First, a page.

Glad to see you looking over our shoulder. Welcome ! I have been Kaping for about 7 years and have so
    far stuck with the picavet, which is not to say I haven't given some thought to several pendulums. When I first came
    across KAP, it seemed that picavet rigs were the norm, with not much mention of pendulum. From that limited experience,
    I would guess that many of us fell in to the same slot. But as a surveyor, you know you need a much greater sample than
    my simple opinion.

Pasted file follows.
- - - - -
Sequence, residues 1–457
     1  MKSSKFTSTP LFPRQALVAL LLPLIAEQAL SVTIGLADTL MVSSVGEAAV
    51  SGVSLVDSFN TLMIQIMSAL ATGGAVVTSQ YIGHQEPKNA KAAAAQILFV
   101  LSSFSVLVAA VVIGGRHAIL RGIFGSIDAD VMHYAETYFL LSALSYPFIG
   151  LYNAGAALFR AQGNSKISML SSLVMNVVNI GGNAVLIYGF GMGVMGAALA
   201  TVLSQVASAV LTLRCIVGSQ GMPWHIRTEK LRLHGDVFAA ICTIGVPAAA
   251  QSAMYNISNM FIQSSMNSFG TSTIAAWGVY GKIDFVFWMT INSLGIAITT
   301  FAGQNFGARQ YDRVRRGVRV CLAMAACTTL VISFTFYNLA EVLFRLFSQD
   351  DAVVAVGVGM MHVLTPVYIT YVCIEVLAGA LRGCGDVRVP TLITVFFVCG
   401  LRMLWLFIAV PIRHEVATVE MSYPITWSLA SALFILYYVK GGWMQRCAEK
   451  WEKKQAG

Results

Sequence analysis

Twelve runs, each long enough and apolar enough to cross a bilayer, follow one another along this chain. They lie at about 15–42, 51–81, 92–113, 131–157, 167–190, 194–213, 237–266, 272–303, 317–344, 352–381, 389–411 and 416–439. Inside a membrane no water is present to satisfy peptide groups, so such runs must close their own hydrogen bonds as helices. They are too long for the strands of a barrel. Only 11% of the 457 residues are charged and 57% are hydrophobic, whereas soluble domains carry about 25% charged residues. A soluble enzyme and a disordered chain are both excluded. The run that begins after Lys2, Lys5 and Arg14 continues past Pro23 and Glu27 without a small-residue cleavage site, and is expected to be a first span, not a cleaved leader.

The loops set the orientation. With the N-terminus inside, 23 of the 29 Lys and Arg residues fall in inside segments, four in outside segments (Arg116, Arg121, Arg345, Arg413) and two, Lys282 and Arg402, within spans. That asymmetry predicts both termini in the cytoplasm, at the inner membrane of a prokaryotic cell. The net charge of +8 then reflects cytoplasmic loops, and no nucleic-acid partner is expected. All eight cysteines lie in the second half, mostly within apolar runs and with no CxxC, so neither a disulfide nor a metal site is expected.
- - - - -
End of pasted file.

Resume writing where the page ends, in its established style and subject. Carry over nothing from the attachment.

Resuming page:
From a youthful standpoint, not that it's directly related to your endeavor, but John Wells of the UK, a member of this group, has been doing a lot of work with KAP and students. I am curious about how you learned about KAP. I hope you stick around and get
    in to it. It can be a very satisfying, creative and relaxing endeavor. Not to say it doesn't have its moments of hell.

    I sure that any of us on this forum will be glad to help you in any way we can. Good chance you'd be the youngest of
    our bunch, and that's a global position!

    Good luck.


  • Hi Marty

    I'm another picavet-only user. You might take a quick scan of the KAP Rigs group - that will give you a feel for how many use each type (there are several hundred rigs there and you can usually tell by looking if they use a picavet or pendulum).
  • edited November 2013